Using Second Life - a guide for learners
This is a collection of notes, links and comments that will help when you are first using Second Life. If you have used computer based games before, you will find that you can use your games skills to get you started. If this is a completely new experience, you will acquire some skills that you can transfer to other systems. In either case, we believe you will find learning, using Second Life, fun and rewarding. Second Life is a multi-user virtual environment (MUVE) that lets the users of the environment decide what they are going to do with it. It is like being in an alternative three dimensional (3D) world that you access through your computer. The world is presented to you in a way that is as close to the real world as can be managed. You can see, hear sounds, talk, and move in this "virtual world" as you do in the real world. Everything you do in Second Life is through an avatar, a 3D model of a human being, that reacts and moves according to the instructions you provide at your keyboard. Keep in mind that behind every avatar is a wonderful human being. The avatar also provides the location of your voice in the 3D world; others will hear your voice coming from the avatar.
You see the virtual world as though it is through a camera floating above and slightly behind your avatar's head. You can also move the position of your camera so that you can view the virtual world from different locations, perhaps moving the camera closer to a display board so that you can read text on the board.
While voice communication (voice chat) is possible in Second Life, a lot of the communication is in the form of a "chat" system. The chat from avatars close to you is displayed in a Local Chat window. Chat from avatars that are further away is displayed in text that is faded. The chat window is shown to you in front of your camera view of the world. Quite often you find that you move the Communicate window to one side as you are moving around. You move the Communicate window, as you do with all Viewer displays in Second Life, by dragging on the window, usually at the top of the window.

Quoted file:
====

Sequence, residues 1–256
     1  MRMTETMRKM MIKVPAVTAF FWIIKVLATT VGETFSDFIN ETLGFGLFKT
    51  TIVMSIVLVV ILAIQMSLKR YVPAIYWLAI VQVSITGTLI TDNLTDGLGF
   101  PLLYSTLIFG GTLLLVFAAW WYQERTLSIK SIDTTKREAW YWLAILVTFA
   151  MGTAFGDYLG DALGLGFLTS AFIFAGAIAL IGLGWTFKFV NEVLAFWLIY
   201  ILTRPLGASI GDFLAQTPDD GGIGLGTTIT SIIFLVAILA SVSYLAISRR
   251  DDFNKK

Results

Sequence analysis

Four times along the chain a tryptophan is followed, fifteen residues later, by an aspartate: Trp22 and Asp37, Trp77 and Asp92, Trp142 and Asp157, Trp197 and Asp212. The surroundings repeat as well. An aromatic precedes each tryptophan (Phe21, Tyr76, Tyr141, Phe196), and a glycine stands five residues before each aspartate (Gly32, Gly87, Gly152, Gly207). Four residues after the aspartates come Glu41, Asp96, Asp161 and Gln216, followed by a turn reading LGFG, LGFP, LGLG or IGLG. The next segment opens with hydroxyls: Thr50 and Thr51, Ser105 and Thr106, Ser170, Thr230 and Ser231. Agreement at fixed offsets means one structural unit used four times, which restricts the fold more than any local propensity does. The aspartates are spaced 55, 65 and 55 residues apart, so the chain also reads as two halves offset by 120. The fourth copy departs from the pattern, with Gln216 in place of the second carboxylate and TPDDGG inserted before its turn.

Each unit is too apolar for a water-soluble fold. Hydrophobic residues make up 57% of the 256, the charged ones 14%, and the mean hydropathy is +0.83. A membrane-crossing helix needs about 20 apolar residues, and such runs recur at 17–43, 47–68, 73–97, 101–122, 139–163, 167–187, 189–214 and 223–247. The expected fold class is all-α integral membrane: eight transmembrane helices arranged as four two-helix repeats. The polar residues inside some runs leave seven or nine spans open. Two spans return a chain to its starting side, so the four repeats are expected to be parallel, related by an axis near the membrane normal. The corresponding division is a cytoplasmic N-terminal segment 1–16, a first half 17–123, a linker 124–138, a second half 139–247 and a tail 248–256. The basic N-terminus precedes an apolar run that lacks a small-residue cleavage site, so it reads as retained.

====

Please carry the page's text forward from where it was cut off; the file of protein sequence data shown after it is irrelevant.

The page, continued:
You can also chat with individuals in private chat sessions. These are known as IM (instant messaging) sessions in Second Life. You can set up group IM conferences. Local Chat is public, anyone near to your avatar can "hear" your chat, whereas IM sessions are private. Voice chat can also be used in private communication with another avatar and to communicate with a group of people.Making friends
In Second Life you can make friends as you would in the real world. However, Second Life provides you with a facility that lets you keep track of all your friends. There are a couple of built-in mechanisms that let you offer your friendship. One way to ask another person to be your friend is by a "context click" (right-click in Windows and Command-click on a Mac) on their avatar. This pops up a Second Life context menu and you then select the Add Friend item from that menu. Friends can IM each other and you can also see when they are on-line.Note taking
To record information in Second Life there is a note taking and text storage facility, that lets you create notecards. Notecards can be created for you then offered to you by other people or even by objects in Second Life. You can also create and add text and links to other places in Second Life. You can also edit your own notecards.